Justice Department Reaches Consent Order with NJ Student Loans Authority to Settle Complaint of Alleged SCRA Violations | Ballard Spahr srl

The Justice Department announced earlier this week that it had concluded a consent order with the New Jersey Higher Education Student Assistance Authority (HESAA) to resolve DOJ’s allegation that HESAA violated the Servicemembers Civil Relief Act (SCRA) by obtaining illegal court judgments against two servicemen for amounts owed on loans students. The regulations require the HSEAA to pay $ 15,000 each to the two service members who were the subject of a default judgment, and a civil fine of $ 20,000 in the United States. It also requires HESAA to provide SCRA training to its employees and external legal advisers and to develop new SCRA-compliant policies and procedures.

The SCRA requires that a plaintiff in civil proceedings seeking a default judgment file an affidavit with the court stating whether or not the defendant is in military service and showing the facts necessary to support the affidavit or, if the plaintiff does not. cannot determine the defendant’s military status, stating that the plaintiff is unable to determine whether the defendant is on military service. If the plaintiff informs the court that the defendant is on military service, the court cannot render a judgment until it has appointed a lawyer to represent the defendant and, in certain circumstances, must postpone the proceedings for at least 90 days.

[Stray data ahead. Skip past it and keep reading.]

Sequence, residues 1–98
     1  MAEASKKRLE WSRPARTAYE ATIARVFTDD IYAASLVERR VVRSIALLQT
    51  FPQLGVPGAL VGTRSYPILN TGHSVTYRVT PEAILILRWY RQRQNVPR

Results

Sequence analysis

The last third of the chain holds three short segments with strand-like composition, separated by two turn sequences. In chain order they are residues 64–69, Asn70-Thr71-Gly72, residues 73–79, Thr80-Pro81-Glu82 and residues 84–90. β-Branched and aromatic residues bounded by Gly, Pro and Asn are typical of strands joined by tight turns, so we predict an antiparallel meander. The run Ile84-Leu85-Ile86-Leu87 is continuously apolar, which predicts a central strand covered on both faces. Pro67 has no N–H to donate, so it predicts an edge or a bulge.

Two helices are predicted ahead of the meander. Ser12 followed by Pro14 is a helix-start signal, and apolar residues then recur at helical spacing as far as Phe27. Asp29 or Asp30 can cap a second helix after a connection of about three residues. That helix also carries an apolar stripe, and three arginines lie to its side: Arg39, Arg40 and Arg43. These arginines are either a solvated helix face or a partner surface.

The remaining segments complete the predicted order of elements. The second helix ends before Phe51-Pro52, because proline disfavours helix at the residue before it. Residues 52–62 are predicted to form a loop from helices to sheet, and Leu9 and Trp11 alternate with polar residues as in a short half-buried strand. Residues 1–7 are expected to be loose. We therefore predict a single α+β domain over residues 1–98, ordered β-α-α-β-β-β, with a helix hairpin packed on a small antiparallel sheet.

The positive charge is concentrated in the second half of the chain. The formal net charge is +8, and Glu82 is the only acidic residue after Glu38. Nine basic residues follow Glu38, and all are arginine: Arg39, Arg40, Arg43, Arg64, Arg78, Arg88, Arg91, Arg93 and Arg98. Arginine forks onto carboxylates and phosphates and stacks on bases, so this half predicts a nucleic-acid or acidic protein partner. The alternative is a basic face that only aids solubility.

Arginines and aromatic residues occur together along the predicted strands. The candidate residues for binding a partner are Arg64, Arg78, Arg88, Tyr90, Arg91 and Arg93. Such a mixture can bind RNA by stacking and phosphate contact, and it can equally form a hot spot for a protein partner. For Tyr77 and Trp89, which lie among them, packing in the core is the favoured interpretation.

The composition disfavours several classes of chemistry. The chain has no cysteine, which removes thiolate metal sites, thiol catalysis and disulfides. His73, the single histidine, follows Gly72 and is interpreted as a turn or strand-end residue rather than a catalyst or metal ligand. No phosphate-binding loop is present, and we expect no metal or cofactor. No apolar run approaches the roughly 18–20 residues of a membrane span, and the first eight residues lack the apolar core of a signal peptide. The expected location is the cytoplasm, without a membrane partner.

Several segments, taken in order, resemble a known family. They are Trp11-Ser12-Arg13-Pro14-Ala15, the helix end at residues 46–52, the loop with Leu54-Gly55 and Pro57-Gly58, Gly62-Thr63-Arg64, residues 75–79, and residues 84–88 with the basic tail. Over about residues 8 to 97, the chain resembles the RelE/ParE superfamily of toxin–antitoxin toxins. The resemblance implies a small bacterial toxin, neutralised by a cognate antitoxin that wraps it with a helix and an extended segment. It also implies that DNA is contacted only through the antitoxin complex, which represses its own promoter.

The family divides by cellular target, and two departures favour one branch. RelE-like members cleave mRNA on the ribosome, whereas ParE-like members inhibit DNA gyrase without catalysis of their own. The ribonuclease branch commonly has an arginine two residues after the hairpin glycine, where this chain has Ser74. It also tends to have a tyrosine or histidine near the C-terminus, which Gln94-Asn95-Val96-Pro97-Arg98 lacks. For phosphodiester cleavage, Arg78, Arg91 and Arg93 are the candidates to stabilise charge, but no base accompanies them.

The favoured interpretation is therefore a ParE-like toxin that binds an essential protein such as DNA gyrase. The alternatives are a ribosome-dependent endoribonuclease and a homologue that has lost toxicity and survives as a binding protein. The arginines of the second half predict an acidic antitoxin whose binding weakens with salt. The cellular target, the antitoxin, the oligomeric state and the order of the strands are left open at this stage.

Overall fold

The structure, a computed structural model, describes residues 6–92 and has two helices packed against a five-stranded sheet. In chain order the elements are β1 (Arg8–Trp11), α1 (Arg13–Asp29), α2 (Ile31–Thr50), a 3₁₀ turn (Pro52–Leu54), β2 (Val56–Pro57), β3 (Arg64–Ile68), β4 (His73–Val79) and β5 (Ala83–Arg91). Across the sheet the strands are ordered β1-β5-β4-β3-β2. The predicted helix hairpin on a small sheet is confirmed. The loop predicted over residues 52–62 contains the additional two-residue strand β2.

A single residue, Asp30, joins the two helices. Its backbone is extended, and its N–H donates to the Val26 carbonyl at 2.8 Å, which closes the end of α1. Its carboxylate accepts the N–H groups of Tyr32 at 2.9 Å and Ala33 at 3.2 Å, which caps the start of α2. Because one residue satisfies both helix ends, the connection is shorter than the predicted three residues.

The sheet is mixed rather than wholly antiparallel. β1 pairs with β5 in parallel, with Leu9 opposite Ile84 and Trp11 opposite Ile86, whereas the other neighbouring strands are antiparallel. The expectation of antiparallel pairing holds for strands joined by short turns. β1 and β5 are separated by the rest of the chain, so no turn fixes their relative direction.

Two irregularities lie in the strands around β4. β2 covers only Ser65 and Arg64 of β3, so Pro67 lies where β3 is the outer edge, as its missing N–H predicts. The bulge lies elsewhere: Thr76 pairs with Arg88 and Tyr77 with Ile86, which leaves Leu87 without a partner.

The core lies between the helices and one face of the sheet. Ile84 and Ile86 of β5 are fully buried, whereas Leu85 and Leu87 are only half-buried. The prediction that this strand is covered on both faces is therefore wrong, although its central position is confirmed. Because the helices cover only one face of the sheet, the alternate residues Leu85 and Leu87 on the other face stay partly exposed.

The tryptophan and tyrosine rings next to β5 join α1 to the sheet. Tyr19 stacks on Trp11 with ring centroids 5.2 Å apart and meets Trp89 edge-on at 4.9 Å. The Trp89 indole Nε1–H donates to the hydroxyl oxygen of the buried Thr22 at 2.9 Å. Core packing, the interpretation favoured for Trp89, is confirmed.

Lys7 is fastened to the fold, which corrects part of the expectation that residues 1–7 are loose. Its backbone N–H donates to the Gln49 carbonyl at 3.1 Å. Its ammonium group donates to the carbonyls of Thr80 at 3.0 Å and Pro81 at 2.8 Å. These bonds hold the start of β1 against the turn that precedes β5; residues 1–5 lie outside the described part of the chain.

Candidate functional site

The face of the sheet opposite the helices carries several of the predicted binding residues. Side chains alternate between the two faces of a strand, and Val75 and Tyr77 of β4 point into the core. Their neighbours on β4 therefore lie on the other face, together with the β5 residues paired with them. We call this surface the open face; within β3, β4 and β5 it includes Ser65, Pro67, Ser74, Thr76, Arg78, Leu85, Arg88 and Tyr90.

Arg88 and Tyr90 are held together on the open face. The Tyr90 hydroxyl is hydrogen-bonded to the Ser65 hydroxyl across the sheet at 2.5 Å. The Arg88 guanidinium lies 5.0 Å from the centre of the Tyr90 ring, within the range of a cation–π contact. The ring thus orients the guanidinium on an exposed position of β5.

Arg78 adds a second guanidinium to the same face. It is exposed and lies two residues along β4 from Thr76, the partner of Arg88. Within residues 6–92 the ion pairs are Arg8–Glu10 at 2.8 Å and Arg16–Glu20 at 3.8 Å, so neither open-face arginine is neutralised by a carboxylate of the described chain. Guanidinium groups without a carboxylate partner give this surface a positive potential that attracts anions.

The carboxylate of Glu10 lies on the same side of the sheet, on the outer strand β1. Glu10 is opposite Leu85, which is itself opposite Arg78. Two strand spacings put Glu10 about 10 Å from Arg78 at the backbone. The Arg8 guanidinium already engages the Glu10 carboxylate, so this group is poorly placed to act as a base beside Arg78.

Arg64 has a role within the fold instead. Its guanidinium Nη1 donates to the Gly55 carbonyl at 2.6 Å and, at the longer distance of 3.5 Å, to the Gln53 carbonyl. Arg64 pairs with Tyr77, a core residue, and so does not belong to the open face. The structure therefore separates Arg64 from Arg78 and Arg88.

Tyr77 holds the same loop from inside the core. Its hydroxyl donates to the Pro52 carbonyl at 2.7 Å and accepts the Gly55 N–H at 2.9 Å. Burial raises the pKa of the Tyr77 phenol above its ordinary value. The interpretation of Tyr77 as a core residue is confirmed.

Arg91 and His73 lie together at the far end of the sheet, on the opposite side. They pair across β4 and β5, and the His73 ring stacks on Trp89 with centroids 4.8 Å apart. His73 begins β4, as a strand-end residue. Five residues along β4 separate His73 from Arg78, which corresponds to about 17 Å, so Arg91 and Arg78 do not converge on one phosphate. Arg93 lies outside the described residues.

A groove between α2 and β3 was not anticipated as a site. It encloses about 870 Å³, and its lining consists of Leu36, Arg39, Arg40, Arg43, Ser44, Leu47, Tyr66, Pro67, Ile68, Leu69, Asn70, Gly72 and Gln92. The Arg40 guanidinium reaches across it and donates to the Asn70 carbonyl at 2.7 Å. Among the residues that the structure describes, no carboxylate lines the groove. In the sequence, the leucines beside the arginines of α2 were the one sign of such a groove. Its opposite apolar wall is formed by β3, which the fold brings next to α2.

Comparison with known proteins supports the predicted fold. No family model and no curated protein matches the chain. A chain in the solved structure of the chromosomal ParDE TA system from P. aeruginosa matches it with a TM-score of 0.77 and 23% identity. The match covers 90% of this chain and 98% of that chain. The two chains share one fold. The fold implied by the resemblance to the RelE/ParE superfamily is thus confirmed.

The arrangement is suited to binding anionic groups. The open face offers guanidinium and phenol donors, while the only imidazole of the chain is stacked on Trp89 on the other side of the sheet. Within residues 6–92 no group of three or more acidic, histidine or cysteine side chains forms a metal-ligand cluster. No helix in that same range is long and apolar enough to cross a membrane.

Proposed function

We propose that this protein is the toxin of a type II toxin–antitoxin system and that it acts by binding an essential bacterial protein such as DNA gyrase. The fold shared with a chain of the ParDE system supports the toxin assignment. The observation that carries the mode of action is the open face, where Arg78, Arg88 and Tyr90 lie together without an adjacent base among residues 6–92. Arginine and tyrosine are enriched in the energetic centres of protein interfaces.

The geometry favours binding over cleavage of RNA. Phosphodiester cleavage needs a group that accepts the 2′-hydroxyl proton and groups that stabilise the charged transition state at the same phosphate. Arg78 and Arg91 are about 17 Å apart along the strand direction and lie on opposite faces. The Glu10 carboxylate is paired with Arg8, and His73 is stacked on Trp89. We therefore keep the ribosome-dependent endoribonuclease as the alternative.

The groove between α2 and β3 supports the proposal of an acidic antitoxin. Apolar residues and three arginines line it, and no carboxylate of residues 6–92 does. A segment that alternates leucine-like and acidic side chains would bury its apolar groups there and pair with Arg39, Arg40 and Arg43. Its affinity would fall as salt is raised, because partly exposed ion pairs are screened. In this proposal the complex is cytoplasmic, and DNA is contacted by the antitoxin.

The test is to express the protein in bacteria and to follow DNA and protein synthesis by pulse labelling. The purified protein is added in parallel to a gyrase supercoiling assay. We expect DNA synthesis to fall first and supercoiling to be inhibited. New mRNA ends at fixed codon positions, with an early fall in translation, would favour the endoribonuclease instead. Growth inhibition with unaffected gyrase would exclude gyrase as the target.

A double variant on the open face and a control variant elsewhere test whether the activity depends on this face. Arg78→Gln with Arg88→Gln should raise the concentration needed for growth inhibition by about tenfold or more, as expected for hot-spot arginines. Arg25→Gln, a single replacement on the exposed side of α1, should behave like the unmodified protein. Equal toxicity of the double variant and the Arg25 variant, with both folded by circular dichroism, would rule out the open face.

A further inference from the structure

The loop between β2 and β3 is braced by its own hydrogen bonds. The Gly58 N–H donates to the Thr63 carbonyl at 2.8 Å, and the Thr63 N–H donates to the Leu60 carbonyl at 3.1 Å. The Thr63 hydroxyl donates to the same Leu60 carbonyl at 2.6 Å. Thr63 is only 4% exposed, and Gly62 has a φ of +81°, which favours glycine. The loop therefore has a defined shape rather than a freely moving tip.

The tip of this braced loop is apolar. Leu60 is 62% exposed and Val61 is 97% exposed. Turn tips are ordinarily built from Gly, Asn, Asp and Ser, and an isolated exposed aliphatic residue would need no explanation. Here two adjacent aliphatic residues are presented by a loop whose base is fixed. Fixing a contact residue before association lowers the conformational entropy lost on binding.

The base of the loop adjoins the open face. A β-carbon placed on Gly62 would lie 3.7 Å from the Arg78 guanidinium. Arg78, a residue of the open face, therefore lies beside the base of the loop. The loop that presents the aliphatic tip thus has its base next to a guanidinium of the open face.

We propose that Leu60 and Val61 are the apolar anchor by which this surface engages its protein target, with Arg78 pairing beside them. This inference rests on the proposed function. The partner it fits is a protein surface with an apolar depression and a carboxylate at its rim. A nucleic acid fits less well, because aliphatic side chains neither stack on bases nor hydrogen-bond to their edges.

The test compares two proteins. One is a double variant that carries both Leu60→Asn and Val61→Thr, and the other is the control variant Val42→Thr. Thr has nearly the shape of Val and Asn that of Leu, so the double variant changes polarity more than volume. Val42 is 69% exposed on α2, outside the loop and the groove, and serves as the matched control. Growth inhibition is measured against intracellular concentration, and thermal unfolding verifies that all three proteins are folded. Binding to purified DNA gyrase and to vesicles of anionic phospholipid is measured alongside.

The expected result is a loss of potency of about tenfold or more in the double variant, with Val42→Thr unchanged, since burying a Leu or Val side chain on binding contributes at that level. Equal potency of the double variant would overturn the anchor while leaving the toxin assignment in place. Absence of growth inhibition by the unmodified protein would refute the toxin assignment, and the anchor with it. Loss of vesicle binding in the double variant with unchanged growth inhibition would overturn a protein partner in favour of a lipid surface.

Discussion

In his complaint Filed in New Jersey Federal District Court, the DOJ alleged that HESAA obtained default judgments against two SCRA-protected service members after filing affidavits stating that the defendants were not on military service while they knew they were on active duty by the time the default judgments were sought. HESAA reportedly searched the Defense Manpower Data Center (DMDC) database, which generated certificates indicating that the two servicemen were on active duty. The DOJ alleged that the HSEAA’s written policy regarding military borrowers lacked sufficient procedures designed to ensure that military status was properly reported to court.

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